Wednesday, January 24, 2007

What is complete?

In real life software development, a project task's completeness is often determined more by the due date then by the completeness of the task. We are often lured into a comfortable sleep at night with a base understanding of what complete means and we assume we all share the same assumptions - well IT'S TIME TO WAKE UP! In a project plan we happily enter tasks that are required to complete a project and assume that once all tasks are complete, with the occasional newly discovered one, that the project is complete. What does complete really mean? And how do we track it in a project plan? Complete is defined in Webster's dictionary as 1 a : having all necessary parts, elements, or steps - all? all? here we can enter into a fuzzy logic discussion that will never end. The weakness in MS Project and most PM applications is that it does not provide, at a task level, what complete means. A tasks is typically defined by start/end dates, name, ID, description, person/group assigned and work/duration. BUT what defines when the task is complete? or complete enough? or over completed? Hopefully we're all beyond tracking percentage complete (gee, I'm 99% complete - that only took a day, so within another 5 minutes I'll be 100% - yea, right) - but is there anyone tracking the exact meaning of completeness at a task level? For example: a task could be the delivery of a simple report, is complete the delivery of the report? the delivery of the report and test plans showing it works? the delivery, test plans and acceptance by the PM or User? Shouldn't we be defining this in the task somewhere? Let's not get carried away about having to be COMPLETE - let's think about the benefit of delivering something complete enough. Let's take a requirement document. There is not such thing as a complete requirement document, not even at NASA. There's always some question, some white-space, some un-noted item - the question is, at what point is the value of the document sufficient and any additional work applied to it move it in the direction of diminishing returns?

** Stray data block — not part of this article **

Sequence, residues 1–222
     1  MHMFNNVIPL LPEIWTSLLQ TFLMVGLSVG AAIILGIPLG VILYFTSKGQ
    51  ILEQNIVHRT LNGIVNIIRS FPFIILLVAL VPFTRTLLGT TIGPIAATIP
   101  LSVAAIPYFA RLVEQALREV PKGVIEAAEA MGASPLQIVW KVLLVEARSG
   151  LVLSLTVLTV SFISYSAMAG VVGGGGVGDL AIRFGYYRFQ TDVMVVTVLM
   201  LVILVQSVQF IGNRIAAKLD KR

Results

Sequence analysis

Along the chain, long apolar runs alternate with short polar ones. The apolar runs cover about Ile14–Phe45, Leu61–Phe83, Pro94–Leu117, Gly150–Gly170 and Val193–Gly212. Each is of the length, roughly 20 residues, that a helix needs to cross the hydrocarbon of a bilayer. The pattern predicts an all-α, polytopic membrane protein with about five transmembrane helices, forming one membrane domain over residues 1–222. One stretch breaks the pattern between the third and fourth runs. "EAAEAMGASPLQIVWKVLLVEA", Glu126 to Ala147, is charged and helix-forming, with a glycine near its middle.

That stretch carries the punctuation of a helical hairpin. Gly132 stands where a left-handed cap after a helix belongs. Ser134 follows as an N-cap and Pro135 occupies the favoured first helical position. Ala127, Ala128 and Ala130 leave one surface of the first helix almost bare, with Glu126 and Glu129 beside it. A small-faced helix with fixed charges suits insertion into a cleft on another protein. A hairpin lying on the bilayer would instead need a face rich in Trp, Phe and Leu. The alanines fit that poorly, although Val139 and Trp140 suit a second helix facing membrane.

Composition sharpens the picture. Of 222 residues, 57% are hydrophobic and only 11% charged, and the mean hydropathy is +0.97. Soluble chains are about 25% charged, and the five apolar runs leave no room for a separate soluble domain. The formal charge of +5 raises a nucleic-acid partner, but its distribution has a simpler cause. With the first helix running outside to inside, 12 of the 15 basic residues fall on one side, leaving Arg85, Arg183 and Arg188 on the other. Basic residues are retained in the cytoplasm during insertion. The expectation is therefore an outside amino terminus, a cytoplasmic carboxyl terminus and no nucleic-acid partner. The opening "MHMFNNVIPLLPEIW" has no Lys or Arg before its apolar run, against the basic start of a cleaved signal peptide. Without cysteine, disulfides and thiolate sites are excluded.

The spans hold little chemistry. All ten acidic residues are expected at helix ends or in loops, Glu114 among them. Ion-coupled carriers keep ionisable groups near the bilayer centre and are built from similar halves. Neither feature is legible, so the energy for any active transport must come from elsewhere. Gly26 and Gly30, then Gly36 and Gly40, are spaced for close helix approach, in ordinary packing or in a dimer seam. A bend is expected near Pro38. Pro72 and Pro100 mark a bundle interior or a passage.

I think the short answer is that a tasks completeness needs to be defined and noted, in the project plan with the task, and the level of completeness determining the end of the task needs to be defined by a combination of the PM, the end user, the sponsor and the person/group performing the work. The defining of the task completeness needs to occur prior to the task starting to remove any pressure to either reduce the work effort to complete on the predefined date or extend because the assigned person is 'nervous' about the quality of delivery.

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